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The Sacred Journey of Hajj (Part Three)

The Sacred Journey of Hajj (Part 3)

What is the ultimate goal of Hajj?

Hajj has numerous goals and objectives. After instructing pilgrims about what to do regarding the sacrificial animal they have to slaughter to seek closeness to Allah, Allah   states, “Their flesh and blood will not reach Allah: it is your piety that reaches Him.” (Soorat Al-Hajj, 22:37) The prophet   also said in this connection, “Going round the Ka‛bah, running between the hills of As-Safaa and Al-Marwah and the stoning of the pillars are only meant for the remembrance of Allah.” (Sunan Abu Daawood: 1888)

These goals and objectives include the following:

  1. A demonstration of total submission and humility to Allah

This is realised when pilgrims forsake all forms of luxury and adornment and wear simple seamless garments before assuming the condition of ritual purity (ihraam), showing their total need and dependence on their Lord and ridding themselves of all worldly concerns and pursuits that may otherwise distract them from demonstrating total devotion to Him, which is bound to invite His mercy and forgiveness. This demonstration of total submission becomes all the more vivid on the Day of ‛Arafah when they stand before their Lord, in a state of awe and reverence, giving thanks to Him for His countless blessings and seeking His forgiveness for their slips and failings.

  1. A demonstration of gratefulness to Allah

Gratefulness to Allah for performing hajj is shown for both the money and good health Allah   has provided, which are amongst the greatest worldly blessings Allah has bestowed on man. When a Muslim performs hajj, he actually demonstrates gratefulness to Allah for these two blessings by undergoing great physical hardships and spending his money to seek closeness to Allah, in total obedience to Him. Showing gratefulness is a duty that is not only established and affirmed by reasoning but also ordained by divine law.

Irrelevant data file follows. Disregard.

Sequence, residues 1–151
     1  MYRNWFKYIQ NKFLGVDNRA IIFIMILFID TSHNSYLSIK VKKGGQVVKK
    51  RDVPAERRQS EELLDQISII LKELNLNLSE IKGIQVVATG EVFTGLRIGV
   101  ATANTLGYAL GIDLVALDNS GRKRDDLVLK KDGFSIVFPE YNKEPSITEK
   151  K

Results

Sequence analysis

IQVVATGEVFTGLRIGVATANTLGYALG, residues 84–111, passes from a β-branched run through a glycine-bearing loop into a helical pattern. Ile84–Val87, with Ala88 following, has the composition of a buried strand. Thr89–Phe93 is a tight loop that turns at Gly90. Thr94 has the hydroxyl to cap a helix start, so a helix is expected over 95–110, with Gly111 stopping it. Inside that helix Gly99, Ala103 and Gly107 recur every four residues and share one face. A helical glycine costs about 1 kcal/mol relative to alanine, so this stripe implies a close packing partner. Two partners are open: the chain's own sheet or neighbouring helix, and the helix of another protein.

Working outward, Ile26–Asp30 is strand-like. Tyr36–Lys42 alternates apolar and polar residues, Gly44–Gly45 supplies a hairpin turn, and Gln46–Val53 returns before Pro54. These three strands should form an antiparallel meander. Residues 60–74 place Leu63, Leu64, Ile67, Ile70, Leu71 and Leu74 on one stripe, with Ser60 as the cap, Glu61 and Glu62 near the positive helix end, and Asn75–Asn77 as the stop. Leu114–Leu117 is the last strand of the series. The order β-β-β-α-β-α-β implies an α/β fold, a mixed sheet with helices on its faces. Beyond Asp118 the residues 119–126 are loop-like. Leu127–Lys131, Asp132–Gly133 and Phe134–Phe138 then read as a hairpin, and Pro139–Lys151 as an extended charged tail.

1. A wholesome demonstration of the universality of Islam

Muslims from the four corners of the world gather in the holy land in response to the call of Allah. They get to know one another, and the barriers of гасе, colour, language and social class аге set aside in this fraternity of faith that unites all Muslims in the largest, annual human gathering in which they help one another in furthering virtue and God-consciousness.

  1. It is a reminder of the Day of Judgement

Hajj reminds those who perform it, of the Day of Resurrection when all human beings will stand equal before Allah for the final judgement. When pilgrims stand in the plain of ‛Arafah, after assuming the state of ritual purity (ihraam) by replacing their ordinary clothes with simple garments and expressing their readiness to serve Allah, and perceive the countless multitudes of pilgrims, all dressed in what looks like shrouds, this will open their eyes to what they will go through after death and will prompt them to strive harder in preparation for the hereafter.

  1. It is a demonstration of true worship of Allah alone

This is realised through the pilgrims’ recitation of the talbiyah: Labbayk-Allaahumma labbayk, labbayka laa shareeka laka labbayk, innal-hamda wanni‛mata laka wal-mulk, laa shareeka lak (Here I am at Your service O Allah, here I am. Here I am at Your service. You have no partners. Yours alone is all praise and all bounty, and Yours alone is the sovereignty. You have no partners.” Describing talbiyah the one of the Prophet’s companions once referred to them as words of “pure monotheism”. (Saheeh Muslim: 1218) Indeed, pure monotheism is apparent in all the hajj rites, words and deeds without exception.

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